Open world (Private photo)


Openness was a subject I had never thought about regarding my teaching. And once we had the lecture with Maha Bali (Ragupathi, 2023), I felt like I had not understood the subject. For me it was confusing the idea of having to be open or creating openness in the classroom when the courses I participate in, are not open to the public, but instead are courses that are designed for the student to be present in the classroom. However, this subject became clearer once we had our group discussion and read the scenario proposed for this week’s work. I start by addressing the big questions, does openness matter to me in my teaching?

Sharing and Openness is for me highly related to collaboration, trust, teamwork, and motivation to help others to learn more. However, this has its caveats. One, and the main one to be discussed here, is the setting aspect. When I relate these two subjects to my teaching, I feel like they are unbalanced, but I am also not interested in having a perfect balance between them. What I mean with this idea is that sharing is something that we do almost in every lecture. I share my knowledge, but students also share their own opinions either during the lecture or between their classmates in group work. In other words, sharing is the subject that has more weight in my scale. Openness, on the other hand, is probably not as relevant for me, as it probably is for other teachers with presential and distance courses.

I can see the importance and benefits of sharing ideas in the digital world, and also, I have understood different strategies to approach this element in the classroom, if it ought to become relevant for the courses I am involved in. Openness can be useful to clarify your own ideas but also learn from others in the process, but also can help the student to visualize the type of work or future he/she wants to look for. One of the suggestions I had to maybe include more openness to one of the courses I participate the most, is to motivate the students to look for job positions that they think they would be interested in. They should be able to look for not only interesting or fun job positions, but positions that can be fulfilled with the skills they currently have. This activity should be useful for them to see what the job market is looking for, and to see what type of academic knowledge is required as well as skills that they need to develop during their university studies. In this way, my expectation is that they could later create their own LinkedIn profile and promote themselves from the beginning of their program, either by sharing posts, following companies they are interested in, commenting on other professional’s posts, etc.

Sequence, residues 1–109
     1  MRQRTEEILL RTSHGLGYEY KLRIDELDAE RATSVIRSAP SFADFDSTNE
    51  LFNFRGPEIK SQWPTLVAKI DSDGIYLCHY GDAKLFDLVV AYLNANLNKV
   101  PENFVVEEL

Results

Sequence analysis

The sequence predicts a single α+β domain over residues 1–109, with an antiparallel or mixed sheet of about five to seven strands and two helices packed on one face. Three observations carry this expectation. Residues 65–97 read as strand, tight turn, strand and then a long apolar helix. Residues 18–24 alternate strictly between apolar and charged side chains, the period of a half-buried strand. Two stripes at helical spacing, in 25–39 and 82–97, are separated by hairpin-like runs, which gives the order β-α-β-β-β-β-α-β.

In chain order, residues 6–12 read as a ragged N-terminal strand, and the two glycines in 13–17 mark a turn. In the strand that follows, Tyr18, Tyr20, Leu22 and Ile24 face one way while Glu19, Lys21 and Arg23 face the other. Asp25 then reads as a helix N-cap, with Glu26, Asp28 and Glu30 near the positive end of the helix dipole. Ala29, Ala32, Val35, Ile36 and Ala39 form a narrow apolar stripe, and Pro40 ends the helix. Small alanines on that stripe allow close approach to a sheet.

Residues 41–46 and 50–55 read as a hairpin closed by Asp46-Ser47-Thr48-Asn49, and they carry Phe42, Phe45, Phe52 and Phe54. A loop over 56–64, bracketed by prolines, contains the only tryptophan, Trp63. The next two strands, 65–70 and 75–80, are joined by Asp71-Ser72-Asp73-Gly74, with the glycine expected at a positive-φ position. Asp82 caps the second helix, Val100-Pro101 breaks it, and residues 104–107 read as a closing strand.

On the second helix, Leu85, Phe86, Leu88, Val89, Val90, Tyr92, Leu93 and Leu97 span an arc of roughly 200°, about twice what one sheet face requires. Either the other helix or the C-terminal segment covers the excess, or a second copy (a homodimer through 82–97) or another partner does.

In conclusion, openness matters to me in the classroom, but I do not consider it as relevant as it could because of the type of courses I teach. I am sure that the digital capabilities of my students could be more useful in courses where sharing online has its learning benefits.

Ragupathi, K. (2023, March 30). ONL231 Topic 2 webinar: Exploring Nuances of Open Educational Practices [Video]. YouTube. https://www.youtube.com/watch?v=3qtiRUsXMd8

Week 2: Sharing and Openness